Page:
UPDATE: There’s a lot of debate about whether this is a real worm, or merely an elaborate, executable script that the user is tricked into running. It appears to be a worm — it’s self-containing code that replicates itself over the Net (def.). But it also requires the user to agree to accept it as an iChat file transfer, which is a Trojan trait. It does not require the user to enter a password to be installed, like an OS X application. Nor does it warn the user they may be dealing with an executable file, as Safari does when downloading software off the Net. So it’s more than a simple script-kiddie Applescript. Also, it may be mostly harmless now, but will likely lead to much nastier versions in the future, according to this analysis from the programmers at Rixstep: “Future versions of the same worm or spin-offs from it are bound to be destructive and much more intrusive. By exploiting several weaknesses in Apple’s file system, (Leap-A) and its successors will work.”
One more thing: there was talk a while back that Apple’s move to Intel chips would make the platform more susceptible to malware like this. But Leap-A is a PowerPC worm. Does that make Intel-Macs invulnerable? Will it run in Rosetta?
Oh yeah, the graphic comes from the Symantec website.
The first Mac OS X malware has been spotted in the wild, but it appears to be something of a damp squib.
Called Leap-A by anti-virus companies, the worm appears as a JPEG file that spreads via iChat to contacts on the infected user’s buddy list.
According to a Symantec press release:
The worm makes use of the Spotlight search program, included in OSX, and will run each time the machine boots. It identifies any applications being started, and if iChat begins to run, the worm uses iChat to send the infected file — latestpics.tgz — to all contacts on the infected user’s buddy list. Those on the buddy list will then be asked to accept the file. If they do, the file will subsequently be saved to their hard drive. Files infected by OSX.Leap.A may be corrupted and may not run correctly.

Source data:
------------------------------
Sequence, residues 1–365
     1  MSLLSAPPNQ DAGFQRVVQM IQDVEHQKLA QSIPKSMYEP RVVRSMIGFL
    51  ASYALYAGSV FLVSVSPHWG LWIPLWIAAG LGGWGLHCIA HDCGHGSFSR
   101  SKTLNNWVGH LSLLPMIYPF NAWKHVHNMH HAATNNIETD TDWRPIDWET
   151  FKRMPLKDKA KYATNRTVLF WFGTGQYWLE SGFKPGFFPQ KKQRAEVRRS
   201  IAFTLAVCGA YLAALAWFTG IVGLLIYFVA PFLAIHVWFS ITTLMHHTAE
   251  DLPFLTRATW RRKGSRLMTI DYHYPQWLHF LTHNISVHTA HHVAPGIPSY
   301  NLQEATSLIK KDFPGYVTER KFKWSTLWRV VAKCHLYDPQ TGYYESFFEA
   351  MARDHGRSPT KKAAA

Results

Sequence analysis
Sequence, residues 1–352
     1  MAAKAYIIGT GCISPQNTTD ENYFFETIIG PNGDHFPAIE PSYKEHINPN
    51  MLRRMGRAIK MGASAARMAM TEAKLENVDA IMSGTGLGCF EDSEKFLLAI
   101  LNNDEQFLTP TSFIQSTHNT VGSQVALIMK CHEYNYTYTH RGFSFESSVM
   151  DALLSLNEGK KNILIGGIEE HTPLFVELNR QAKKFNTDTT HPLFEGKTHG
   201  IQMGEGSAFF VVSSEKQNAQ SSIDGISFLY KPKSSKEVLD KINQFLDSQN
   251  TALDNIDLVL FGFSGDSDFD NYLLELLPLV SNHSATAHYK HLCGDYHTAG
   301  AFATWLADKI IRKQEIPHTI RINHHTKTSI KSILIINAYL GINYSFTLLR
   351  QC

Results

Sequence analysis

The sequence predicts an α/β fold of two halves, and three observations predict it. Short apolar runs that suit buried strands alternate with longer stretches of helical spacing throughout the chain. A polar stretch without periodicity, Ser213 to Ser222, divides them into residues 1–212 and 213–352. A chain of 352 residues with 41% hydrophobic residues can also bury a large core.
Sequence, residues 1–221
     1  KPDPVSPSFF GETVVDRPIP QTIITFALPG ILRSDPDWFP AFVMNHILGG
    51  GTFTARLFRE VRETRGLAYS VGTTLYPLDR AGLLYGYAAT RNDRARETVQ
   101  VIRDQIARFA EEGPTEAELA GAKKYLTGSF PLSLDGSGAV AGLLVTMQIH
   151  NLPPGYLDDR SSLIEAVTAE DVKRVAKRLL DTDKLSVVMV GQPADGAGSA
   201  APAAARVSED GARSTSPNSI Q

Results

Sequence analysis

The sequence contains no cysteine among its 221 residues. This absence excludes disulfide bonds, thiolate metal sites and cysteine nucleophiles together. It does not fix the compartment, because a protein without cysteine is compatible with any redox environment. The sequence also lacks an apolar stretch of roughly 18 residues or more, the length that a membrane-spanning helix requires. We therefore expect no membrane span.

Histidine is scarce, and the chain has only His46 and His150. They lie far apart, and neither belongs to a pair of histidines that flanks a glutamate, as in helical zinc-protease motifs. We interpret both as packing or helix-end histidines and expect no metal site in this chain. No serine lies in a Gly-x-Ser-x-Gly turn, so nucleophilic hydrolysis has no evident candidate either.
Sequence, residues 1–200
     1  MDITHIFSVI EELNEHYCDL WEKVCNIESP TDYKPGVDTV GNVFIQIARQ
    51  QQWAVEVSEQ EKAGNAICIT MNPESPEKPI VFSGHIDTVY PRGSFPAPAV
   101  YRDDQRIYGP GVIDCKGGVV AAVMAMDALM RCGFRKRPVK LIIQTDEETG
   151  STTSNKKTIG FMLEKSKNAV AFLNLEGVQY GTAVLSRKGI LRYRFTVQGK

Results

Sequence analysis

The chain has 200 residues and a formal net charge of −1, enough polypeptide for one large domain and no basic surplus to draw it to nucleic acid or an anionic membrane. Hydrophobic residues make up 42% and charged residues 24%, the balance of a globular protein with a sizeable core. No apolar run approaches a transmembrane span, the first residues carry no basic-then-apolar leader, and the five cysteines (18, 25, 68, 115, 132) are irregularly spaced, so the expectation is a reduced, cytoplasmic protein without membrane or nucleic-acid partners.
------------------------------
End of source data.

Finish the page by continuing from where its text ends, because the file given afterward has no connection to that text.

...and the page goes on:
There is some disagreement about what the worm does. Anti-virus firm Sophos says it deletes files and leaves other “non-infected” files on the computer. An email press release from Computer Malware Enumeration says it “prevents Macintosh OS X from working properly and infected applications from launching correctly.”
Nonetheless, Leap-A appears to be the first OS X malware “in the wild.” A previous OS X nasty — a Trojan horse dubed MP3Concept — turned out to be a proof of concept only.
Leap-A first appeared earlier this week as a link on the forums of Mac Rumors that purported to be spy screenshots of Mac OS X 10.5 (Leopard).
Symantec classes the worm is a low threat because it doesn’t automatically infect other’s machines. The company says it has infected less than 50 machines.
“… this worm will not automatically infect, but will ask users to accept the file, giving potential victims a heads up and the opportunity to avoid infection,” the company said. “The important piece of advice for any iChat users running OSX 10.4 is not to accept file transfers, even if they come from someone on a buddy list.”
However, as CME notes in its statement, the worm is a wake-up call for OS X users with a false sense of OS X’s invulnerability: “Now that Leap.A has been discovered in the wild, copycat media-craving individuals will likely launch similar attacks in 2006.”